Anxiety and post-traumatic stress disorder are two things that can impact everyone. Teen girls may struggle with one or both of these types of disorders. The symptoms they exhibit may vary based off of the individual and the situations surrounding them. Pop singer, Ariana Grande, recently shared an image of her brain scan. Grande suffers from PTSD. Her scan was put next to a brain scan without PTSD to put things into perspective for viewers. Research proves that PTSD can alter the brain. The photos highlight the increased brain activity that occurs in the brain of one who has PTSD.

Identifying Anxiety and PTSD

Anxiety and PTSD in teen girls can have separate and similar effects. As a parent, it is important to recognize when your teen is struggling so that you can get them the help that they need. Common PTSD symptoms in teens include:

  •  Avoiding situations that make them recall the traumatic event
  • Experiencing nightmares or flashbacks about the trauma
  • Playing in a way that repeats or recalls the trauma
  • Acting impulsively or aggressively
  • Feeling nervous or anxious frequently
  • Experiencing emotional numbness
  • Having trouble focusing at school

Anxiety can be a normal reaction to stress. However, there is a point where anxiety can translate into a more severe disorder. Anxiety can reveal itself through emotional, social, and physical changes. Here are some indicators to look for in your teen that can be a warning sign:

  • Avoiding social interactions with usual friends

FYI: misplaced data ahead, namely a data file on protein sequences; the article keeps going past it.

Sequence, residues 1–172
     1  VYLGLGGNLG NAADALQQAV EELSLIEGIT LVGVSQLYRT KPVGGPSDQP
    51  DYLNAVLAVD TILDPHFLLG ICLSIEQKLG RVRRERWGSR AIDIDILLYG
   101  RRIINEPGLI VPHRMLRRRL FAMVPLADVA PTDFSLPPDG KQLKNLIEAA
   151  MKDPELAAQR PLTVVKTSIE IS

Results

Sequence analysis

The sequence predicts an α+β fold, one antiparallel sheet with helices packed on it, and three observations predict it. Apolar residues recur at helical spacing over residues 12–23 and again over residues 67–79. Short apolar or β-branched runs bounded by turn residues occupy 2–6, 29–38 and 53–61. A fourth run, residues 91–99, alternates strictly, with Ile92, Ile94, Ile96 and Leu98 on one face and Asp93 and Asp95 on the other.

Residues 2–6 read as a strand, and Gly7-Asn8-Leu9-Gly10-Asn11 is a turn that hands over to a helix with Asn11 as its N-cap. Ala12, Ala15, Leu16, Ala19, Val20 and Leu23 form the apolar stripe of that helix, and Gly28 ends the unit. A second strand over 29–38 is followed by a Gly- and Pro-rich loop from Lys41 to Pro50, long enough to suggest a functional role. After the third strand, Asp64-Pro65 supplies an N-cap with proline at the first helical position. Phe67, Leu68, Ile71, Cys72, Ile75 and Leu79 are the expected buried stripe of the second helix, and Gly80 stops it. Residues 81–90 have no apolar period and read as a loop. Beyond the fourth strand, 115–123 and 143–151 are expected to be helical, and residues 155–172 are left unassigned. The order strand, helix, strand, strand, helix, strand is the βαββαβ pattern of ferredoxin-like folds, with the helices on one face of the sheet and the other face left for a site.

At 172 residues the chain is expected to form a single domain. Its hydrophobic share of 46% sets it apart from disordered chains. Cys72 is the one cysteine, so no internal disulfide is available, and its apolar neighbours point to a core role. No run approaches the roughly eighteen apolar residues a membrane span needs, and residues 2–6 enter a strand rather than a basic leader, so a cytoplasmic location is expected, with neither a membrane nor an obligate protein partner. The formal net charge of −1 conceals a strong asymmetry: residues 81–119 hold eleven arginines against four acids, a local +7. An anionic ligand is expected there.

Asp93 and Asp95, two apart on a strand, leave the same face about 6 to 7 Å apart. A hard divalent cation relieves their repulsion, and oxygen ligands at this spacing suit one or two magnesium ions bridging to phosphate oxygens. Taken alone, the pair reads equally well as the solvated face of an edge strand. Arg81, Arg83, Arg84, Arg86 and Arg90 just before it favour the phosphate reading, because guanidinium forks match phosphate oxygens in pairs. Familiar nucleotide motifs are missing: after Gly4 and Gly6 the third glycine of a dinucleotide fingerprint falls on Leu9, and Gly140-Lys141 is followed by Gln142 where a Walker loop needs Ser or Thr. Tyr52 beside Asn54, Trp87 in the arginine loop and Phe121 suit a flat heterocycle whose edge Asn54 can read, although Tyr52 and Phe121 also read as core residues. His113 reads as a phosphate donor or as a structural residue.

• Avoiding extracurricular activities
  • Isolating from peer group
  • Spending increased time alone
  • Frequent headaches, including migraines
  • Gastrointestinal problems
  • Unexplained aches and pains
  • Excessive fatigue
  • Complaints of not feeling well with no obvious medical cause
  • Changes in eating habits.

The Next Steps

After learning what anxiety and PTSD looks like in teen girls, it is important to make accommodations to help your teen address their struggles. Here are some quick tips on ways to get your teen the help they need:

  1. Educate yourself on what PTSD and anxiety looks like in teens.
  2. Look up resources in your area that may be helpful to your teen.
  3. Confront your teen from a nurturing and caring perspective.
  4. Ask them what you can do to support them.
  5. Emphasize that they are not alone and that there are professionals that can help them learn healthy ways to manage their symptoms

Solstice East can help

Solstice East is a residential treatment center for young women ages 14-18 struggling with behavior and emotional issues such as those that can stem from peer-relationship struggles. This program focuses on helping young women heal, recover, and integrate healthy habits into their lives. Students will learn to build healthy relationships, cope with emotions, and effectively communicate. Solstice East gives young women the skills and confidence they need to lead happy and healthy lives. We can help your family today!

Contact us at (855) 672-7058.